Alcohol consumption trajectory patterns in adult women with HIV infection

Robert L. Cook, Fang Zhu, Bea Herbeck Belnap, Kathleen M. Weber, Stephen R. Cole, David Vlahov, Judith A. Cook, Nancy A. Hessol, Tracey E. Wilson, Michael Plankey, Andrea A. Howard, Gerald B. Sharp, Jean L. Richardson, Mardge H. Cohen

    Research output: Contribution to journalArticlepeer-review


    HIV-infected women with excessive alcohol consumption are at risk for adverse health outcomes, but little is known about their long-term drinking trajectories. This analysis included longitudinal data, obtained from 1996 to 2006, from 2,791 women with HIV from the Women's Interagency HIV Study. Among these women, the proportion in each of five distinct drinking trajectories was: continued heavy drinking (3 %), reduction from heavy to non-heavy drinking (4 %), increase from non-heavy to heavy drinking (8 %), continued non-heavy drinking (36 %), and continued non-drinking (49 %). Depressive symptoms, other substance use (crack/cocaine, marijuana, and tobacco), co-infection with hepatitis C virus (HCV), and heavy drinking prior to enrollment were associated with trajectories involving future heavy drinking. In conclusion, many women with HIV change their drinking patterns over time. Clinicians and those providing alcohol-related interventions might target those with depression, current use of tobacco or illicit drugs, HCV infection, or a previous history of drinking problems.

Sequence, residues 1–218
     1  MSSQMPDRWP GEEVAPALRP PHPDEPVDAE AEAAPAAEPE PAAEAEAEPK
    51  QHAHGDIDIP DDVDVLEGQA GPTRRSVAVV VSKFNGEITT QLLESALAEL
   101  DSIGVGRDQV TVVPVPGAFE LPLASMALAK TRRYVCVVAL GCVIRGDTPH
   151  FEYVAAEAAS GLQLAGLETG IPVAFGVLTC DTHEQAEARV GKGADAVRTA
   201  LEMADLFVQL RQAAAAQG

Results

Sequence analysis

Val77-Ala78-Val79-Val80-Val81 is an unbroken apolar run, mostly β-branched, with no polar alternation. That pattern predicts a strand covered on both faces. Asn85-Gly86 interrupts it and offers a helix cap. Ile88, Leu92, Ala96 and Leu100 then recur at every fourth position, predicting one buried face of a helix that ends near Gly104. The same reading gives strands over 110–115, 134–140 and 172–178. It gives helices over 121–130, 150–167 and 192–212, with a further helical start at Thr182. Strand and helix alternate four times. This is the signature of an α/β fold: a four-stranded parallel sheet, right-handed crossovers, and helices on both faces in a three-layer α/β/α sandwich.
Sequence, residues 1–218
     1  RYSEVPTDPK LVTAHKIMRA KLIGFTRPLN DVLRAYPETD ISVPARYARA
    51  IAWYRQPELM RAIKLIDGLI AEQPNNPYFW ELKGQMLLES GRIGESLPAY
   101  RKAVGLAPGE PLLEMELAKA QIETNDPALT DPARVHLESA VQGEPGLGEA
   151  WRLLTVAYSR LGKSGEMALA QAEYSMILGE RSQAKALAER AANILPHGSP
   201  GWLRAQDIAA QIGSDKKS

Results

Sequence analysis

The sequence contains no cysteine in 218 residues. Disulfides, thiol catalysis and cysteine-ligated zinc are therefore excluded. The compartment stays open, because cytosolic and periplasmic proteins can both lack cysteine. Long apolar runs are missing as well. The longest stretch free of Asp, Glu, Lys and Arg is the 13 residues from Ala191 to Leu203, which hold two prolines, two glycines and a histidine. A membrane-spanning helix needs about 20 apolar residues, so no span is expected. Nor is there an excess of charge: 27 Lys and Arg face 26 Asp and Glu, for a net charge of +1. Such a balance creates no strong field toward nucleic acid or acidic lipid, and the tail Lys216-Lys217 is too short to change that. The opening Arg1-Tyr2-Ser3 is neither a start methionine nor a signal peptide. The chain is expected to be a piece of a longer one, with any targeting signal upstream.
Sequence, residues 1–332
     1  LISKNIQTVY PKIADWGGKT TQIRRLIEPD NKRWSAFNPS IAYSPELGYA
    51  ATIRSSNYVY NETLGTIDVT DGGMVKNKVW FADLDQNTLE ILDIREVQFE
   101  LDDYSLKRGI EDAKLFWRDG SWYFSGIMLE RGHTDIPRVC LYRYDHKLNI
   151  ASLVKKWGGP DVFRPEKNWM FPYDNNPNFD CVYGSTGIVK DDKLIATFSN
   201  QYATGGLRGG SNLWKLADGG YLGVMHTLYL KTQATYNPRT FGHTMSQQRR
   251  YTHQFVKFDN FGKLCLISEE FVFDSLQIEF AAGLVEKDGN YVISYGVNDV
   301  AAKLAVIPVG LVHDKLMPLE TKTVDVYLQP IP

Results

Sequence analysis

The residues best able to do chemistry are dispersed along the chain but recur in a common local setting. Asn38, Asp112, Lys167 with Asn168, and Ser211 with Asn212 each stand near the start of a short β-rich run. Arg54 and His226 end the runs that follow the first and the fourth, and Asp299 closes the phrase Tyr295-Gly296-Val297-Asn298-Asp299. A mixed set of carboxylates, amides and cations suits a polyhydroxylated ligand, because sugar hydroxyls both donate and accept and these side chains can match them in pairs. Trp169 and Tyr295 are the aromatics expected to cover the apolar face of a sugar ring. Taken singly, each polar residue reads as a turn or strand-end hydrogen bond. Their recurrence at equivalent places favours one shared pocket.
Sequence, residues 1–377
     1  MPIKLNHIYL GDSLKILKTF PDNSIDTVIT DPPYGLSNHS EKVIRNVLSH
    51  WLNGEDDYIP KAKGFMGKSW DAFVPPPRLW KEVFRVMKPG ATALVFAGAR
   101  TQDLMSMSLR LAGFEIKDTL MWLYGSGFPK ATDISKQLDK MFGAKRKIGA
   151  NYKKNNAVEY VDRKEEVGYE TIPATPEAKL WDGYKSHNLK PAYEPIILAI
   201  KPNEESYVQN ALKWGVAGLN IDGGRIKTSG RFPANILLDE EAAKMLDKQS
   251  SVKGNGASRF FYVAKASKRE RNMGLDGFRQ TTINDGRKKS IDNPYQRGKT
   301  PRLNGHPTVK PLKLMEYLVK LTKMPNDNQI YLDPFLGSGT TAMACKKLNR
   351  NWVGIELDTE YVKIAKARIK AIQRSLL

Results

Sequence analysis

Original languageEnglish (US)
    Pages (from-to)1705-1712
    Number of pages8
    JournalAIDS and behavior
    Issue number5
    StatePublished - Jun 2013


    • Alcohol consumption
    • HIV-infection
    • Trajectories
    • Women

    ASJC Scopus subject areas

    • Social Psychology
    • Public Health, Environmental and Occupational Health
    • Infectious Diseases

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